Third time's a charm, right? I made Chicken Marsala the other night in honor of me not being sick and being able to actually cook. I made a whole extra plate so that after dinner, I could take a picture of it (thus practicing the use of all artificial light for the food photo), and my husband would have leftovers to take for lunch the next day. So when he was at lunch, a coworker asked for the recipe, and my husband told me that he directed her to my blog. Blerk! I hadn't yet posted my photo (or recipe) of Chicken Marsala, but (to my horror), my husband told me that I've actually already posted the recipe (and picture) of Chicken Marsala twice before. He also informed me that the picture I took this past week is way better, so here it is. I guess it's good to know that I'm improving! (Use the search engine at the top left if you want to see my progression of food photo-taking skills throughout the years. Simply search for "chicken marsala.")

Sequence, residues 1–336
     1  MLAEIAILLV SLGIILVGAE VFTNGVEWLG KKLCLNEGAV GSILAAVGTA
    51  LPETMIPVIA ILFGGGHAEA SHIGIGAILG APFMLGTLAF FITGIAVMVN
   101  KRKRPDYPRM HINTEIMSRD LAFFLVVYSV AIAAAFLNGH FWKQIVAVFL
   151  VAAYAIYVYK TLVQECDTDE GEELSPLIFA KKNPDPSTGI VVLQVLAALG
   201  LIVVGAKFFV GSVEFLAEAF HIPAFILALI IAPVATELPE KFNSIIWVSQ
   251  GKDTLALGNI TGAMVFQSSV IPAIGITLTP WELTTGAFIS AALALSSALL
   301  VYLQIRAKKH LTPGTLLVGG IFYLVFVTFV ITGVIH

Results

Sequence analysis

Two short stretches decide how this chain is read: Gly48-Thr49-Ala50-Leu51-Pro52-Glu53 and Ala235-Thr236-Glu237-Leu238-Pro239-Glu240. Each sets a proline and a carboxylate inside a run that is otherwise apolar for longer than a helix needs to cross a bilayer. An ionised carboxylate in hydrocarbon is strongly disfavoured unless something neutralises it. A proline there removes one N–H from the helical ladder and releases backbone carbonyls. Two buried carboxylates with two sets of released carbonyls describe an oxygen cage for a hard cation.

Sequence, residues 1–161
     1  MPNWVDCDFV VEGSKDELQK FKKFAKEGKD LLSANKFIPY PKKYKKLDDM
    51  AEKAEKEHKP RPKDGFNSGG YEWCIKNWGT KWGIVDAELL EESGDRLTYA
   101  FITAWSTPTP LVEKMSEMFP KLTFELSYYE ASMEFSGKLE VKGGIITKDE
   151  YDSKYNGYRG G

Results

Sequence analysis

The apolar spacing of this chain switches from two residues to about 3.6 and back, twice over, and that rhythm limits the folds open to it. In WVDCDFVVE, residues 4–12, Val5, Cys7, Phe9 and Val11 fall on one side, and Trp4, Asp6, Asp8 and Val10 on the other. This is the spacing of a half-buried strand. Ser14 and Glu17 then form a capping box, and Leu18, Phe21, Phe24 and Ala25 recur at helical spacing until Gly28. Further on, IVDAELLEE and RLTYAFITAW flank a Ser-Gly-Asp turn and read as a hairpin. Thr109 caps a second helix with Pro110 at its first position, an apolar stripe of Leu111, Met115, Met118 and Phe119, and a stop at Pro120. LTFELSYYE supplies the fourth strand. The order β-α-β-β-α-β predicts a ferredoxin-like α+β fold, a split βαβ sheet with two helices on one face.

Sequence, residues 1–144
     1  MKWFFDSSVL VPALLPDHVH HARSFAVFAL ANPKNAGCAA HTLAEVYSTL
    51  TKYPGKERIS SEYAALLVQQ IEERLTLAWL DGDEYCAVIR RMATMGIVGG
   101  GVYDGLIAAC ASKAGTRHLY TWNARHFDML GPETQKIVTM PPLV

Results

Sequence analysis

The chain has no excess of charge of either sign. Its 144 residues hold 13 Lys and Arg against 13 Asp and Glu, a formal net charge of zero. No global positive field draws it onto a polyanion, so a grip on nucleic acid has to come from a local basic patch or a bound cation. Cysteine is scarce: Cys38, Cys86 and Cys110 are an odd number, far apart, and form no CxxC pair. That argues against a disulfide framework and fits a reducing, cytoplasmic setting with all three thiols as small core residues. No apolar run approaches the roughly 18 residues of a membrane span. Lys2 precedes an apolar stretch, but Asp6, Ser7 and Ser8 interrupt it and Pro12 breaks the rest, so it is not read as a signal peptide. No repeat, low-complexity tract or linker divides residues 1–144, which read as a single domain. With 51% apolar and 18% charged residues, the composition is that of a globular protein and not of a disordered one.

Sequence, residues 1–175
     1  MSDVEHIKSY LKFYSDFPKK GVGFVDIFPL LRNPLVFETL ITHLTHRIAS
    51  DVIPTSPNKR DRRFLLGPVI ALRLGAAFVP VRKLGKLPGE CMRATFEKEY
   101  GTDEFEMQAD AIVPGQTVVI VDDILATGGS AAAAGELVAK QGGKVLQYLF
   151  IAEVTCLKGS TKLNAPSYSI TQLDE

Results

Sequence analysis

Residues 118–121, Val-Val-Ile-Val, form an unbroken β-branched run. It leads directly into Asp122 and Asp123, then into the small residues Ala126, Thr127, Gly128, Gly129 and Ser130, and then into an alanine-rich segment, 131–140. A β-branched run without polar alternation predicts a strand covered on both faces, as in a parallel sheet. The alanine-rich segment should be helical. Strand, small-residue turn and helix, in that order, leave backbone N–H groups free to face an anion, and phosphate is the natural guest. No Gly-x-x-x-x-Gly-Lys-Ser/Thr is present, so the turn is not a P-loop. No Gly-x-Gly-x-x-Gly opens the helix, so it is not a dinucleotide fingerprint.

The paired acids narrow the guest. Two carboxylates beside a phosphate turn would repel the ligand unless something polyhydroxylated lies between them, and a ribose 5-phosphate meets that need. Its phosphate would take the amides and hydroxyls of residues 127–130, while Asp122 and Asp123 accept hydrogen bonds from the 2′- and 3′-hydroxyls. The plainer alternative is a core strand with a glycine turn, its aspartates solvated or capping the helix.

Chicken Marsala

4 (6-ounce) skinless, boneless chicken breast halves
¼ teaspoon salt
¼ teaspoon freshly ground black pepper
2 tablespoons all-purpose flour
1 tablespoon olive oil
1 cup pre-sliced mushrooms
½ cup Marsala wine
½ cup fat-free less-sodium chicken broth
2 tablespoons fresh lemon juice
1 tablespoon chopped fresh parsley

Place chicken between 2 sheets of heavy-duty plastic wrap; pound each piece to ½-inch thickness using a meat mallet or rolling pin. Sprinkle both sides of chicken evenly with salt and pepper. Place flour in a shallow dish. Dredge chicken in flour, turning to coat; shake off excess flour.

Heat olive oil in a large skillet over medium-high heat. Add chicken; cook 3 minutes on each side or until browned. Remove chicken from pan; keep warm. Add mushrooms, wine, broth, and juice to pan; reduce heat, and simmer 10 minutes or until mixture is reduced to 2/3 cup. Return chicken to pan, turning to coat well. Cover and cook 5 minutes or until chicken is done. Sprinkle with parsley.

*Special notes: you’ll notice that I have used canned mushrooms (that way I can make Chicken Marsala whenever, despite the fact that I don’t have fresh mushrooms, but it really is better with fresh mushrooms. And, I obviously forgot to use the parsley.

Recipe Source: Cooking Light magazine